The FBI may have may have violated the First Amendment by asking Twitter to moderate certain speech, as revealed in a recent "Twitter Files" release, constitutional experts tell Fox News Digital. 

A Twitter Files installment released by Substack journalist Matt Taibbi last week revealed Twitter’s former head of safety, Yoel Roth, apparently attended weekly meetings with the FBI, the Department of Homeland Security and the Director of National Intelligence about moderating misinformation ahead of the 2020 election.

In October 2020, just weeks before the election, the FBI prompted Twitter to take action after it flagged two tweets related to alleged voter fraud, according to a screenshot of internal communications posted by Taibbi. Twitter responded by slapping a label that said "Learn how voting is safe and secure" on one of the tweets from a GOP Indiana politician, according to the screenshot.

Screenshots also showed Twitter’s current policy director, Nick Pickles, and a marketing employee discussing how the company detects misinformation partly through "partnerships" with the FBI and DHS.


To further complicate matters, Jim Baker, Twitter’s former deputy general counsel, got his top job at the social media giant after playing a key role in pushing the Trump-Russia collusion narrative during his time at the FBI, where he served as general counsel.

New Twitter CEO Elon Musk fired Baker this month due to concerns over his "possible role in suppression of information important to the public dialogue." It was later reported that Baker had a hand in vetting, without Musk’s knowledge, the first installment of the Twitter Files that detailed the company’s suppression of the New York Post’s Hunter Biden laptop story ahead of the 2020 election.

Jim Baker and Elon Musk

Jim Baker, left, and Elon Musk. (Getty Images)

Baker’s name surfaced in the Twitter Files due to internal company discussions about the laptop story, during which he concluded, "It's reasonable for us to assume" that the laptop story came from hacked materials despite other employees' protests.

The White House on Friday said it had no involvement in pressuring Twitter to censor information and that no one had been in contact with Baker before his firing.

"It's up to private companies to make these type of decisions," White House press secretary Karine Jean-Pierre insisted. "We were not involved. I can say that we were not involved." 

White House

Press secretary Karine Jean-Pierre holds the daily news conference at the White House, Dec. 8, 2022. (Chip Somodevilla/Getty Images)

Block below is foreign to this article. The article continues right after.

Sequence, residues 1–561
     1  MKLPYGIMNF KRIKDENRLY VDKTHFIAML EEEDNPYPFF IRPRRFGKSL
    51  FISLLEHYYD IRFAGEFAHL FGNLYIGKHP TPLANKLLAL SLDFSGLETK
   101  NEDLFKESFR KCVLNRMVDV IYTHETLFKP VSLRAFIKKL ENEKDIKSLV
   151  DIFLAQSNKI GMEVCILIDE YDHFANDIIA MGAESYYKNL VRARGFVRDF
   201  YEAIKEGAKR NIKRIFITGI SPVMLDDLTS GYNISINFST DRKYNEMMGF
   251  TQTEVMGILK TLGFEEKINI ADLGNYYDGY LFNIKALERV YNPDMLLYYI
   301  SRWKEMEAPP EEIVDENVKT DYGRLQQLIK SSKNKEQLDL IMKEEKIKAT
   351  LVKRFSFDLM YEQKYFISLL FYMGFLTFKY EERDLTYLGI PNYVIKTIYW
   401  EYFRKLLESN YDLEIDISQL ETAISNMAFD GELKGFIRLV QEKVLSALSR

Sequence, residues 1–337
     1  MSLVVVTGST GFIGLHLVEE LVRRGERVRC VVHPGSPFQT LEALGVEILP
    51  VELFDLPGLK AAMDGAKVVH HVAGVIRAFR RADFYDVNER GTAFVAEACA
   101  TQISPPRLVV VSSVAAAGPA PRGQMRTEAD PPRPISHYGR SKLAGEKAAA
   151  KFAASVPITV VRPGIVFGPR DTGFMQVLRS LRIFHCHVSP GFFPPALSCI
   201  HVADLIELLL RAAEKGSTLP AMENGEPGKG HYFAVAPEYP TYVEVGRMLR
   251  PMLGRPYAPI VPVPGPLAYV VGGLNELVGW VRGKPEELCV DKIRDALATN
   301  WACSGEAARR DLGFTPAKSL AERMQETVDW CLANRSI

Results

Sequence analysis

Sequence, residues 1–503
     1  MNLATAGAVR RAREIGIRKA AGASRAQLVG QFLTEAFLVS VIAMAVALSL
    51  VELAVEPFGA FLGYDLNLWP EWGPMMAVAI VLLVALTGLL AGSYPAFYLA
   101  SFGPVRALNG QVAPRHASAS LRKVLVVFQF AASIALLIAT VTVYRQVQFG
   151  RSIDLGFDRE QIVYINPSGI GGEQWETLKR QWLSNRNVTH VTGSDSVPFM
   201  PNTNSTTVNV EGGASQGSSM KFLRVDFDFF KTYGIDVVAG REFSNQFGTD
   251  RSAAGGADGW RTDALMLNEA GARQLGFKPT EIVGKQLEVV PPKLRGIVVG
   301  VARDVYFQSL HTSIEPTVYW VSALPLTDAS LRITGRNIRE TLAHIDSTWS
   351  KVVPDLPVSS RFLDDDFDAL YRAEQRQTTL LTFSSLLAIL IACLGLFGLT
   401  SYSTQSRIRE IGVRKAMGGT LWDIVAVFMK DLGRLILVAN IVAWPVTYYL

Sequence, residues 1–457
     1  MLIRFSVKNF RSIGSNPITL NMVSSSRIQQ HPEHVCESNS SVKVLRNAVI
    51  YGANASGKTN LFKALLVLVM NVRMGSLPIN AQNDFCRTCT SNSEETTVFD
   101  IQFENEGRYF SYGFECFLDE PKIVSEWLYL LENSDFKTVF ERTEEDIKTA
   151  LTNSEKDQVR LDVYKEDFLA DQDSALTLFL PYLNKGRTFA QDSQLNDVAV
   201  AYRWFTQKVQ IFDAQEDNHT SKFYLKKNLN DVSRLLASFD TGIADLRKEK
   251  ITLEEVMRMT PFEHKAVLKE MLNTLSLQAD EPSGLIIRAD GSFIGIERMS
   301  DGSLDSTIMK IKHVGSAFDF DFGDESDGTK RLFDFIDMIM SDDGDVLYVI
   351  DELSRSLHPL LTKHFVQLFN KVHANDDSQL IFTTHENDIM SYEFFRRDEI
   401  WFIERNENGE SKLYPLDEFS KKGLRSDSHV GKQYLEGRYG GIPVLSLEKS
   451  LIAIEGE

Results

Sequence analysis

National Security Council strategic communications coordinator John Kirby similarly told Fox News on Sunday that the Biden administration is not "directing private social media companies on how to manage their content."

"It’s up to these social media companies to determine how they’re going to manage their content," he said.

It’s a stark contrast from last year, when White House press secretary Jen Psaki boasted that the White House was in "in regular touch with social media platforms," working to combat the spread of disinformation on COVID-19. 

"We are in regular touch with the social media platforms, and those engagements typically happen through members of our senior staff and also members of our COVID-19 team … specifically on the pandemic," Psaki said in July 2021. 

Heritage Foundation senior legal fellow Hans von Spakovsky told Fox News Digital that while Twitter is a private company that is free to moderate content, the company could be viewed as an agent for the federal government if it is found to be taking its direction. 

"The First Amendment applies to the government and prohibits censorship by government agencies and entities, not private actors," Von Spakovsky said. 

"However, when a private company is censoring information based on direction, coordination and cooperation with the government, then legally it may be considered to be acting as an agent for the government, and it may be found to be violating the First Amendment."


Ilya Shapiro, director of constitutional studies at the Manhattan Institute, told Fox News Digital the Twitter Files controversy is "worse" than cases he’s previously covered regarding government and Big Tech "collusion," because "when the FBI ‘asks’ for something, that’s pretty serious."

George Mason University professor David Bernstein told Fox News Digital that "absent a true national security emergency, it's inappropriate for anyone with a political role in the government to be exerting pressure or even lobbying Twitter regarding content."